From participants’ accounts, one gleans the idea that the pub was an important part of their lives and that important values and principles were at stake in their actions. At the same time, the boycott was seen in perspective. One participant described it as “struggle lite” and that “ultimately it was serious but also you know … nobody’s going to die” (#5). Another indicated that he used to “strike for pay, now I go out and strike for beer. How the mighty have fallen!” adding, “one of the most pleasant picket lines I’ve ever stood on” (#4). The campaign itself was marked by “general humour and banter [and] funny stories” (#1); it was “great fun … if you’ve got a bunch of people whose main interest in life is being in a congenial boozer, it’s not going to be a dreary campaign” (#5).
In light of the local legacy of Tom Paine, the recent 200th anniversary of his death10 and his role in the history of the U.S. Declaration of Independence (Keane, 1995) with its inclusion of a right to the pursuit of happiness, it is perhaps apposite to note Hirschman’s (1998) inversion of this idea in his suggestion of the benefits of “the happiness of pursuit” — “the felicity of taking part in collective action” (p. 103). Participants, we suspect, would readily concur both with this sentiment and with the importance of “voice” (Hirschman, 1970), of trying to exert influence on an “objectionable state of affairs” (p. 30) via their participation in this collective activity.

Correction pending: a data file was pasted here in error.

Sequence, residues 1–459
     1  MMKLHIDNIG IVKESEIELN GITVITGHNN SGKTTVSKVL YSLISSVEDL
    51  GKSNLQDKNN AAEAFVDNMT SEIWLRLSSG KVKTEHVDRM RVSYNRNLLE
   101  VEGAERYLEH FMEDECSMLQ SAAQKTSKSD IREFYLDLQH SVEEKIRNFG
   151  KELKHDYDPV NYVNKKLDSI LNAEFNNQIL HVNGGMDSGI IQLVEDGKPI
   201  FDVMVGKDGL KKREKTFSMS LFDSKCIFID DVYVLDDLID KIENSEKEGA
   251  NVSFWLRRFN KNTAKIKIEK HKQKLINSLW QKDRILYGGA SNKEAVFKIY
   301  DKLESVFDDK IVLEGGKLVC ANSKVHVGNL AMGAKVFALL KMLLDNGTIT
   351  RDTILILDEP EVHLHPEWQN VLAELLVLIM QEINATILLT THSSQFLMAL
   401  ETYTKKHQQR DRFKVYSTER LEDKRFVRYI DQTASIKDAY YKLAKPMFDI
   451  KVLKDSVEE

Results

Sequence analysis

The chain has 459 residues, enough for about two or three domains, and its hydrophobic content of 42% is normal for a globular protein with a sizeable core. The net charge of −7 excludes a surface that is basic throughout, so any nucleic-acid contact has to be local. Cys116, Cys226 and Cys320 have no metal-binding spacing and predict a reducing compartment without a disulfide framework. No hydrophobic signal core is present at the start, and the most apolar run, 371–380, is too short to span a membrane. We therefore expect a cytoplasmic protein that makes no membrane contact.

9Perhaps this is better (and/or more flatteringly) characterized as “strong reciprocity”: “the behavioral disposition to cooperate conditionally on others’ cooperation and to punish violations of cooperative norms even at a net cost to the punisher” (Fehr & Gintis, op. cit., p. 45). 10June 8th 1809.
We would hope that our account of people’s involvement with the vitality of their community might provide useful points of reference both for others who study civic engagement and for those who are directly engaged in pro-community actions. The dangers of over-generalizing empirical findings should, of course, always be heeded, but we would hope that the social context and motives discussed in this article provide some potential clues about how the quality of communities and community life might be promoted and enhanced.
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The authors thank the members of Friends of the Lewes Arms who took part in this research, to Charlotte Rea and Lizzy Gatrell for their work in transcribing the interview files, and to three anonymous reviewers for their comments on an earlier version of this manuscript.
About the Authors
Paul Sparks is senior lecturer in social psychology and health in the department of psychology at the University of Sussex. Tom Farsides is lecturer in social psychology in the department of psychology at the University of Sussex. Sparks may be reached at p.sparks@ sussex.ac.uk.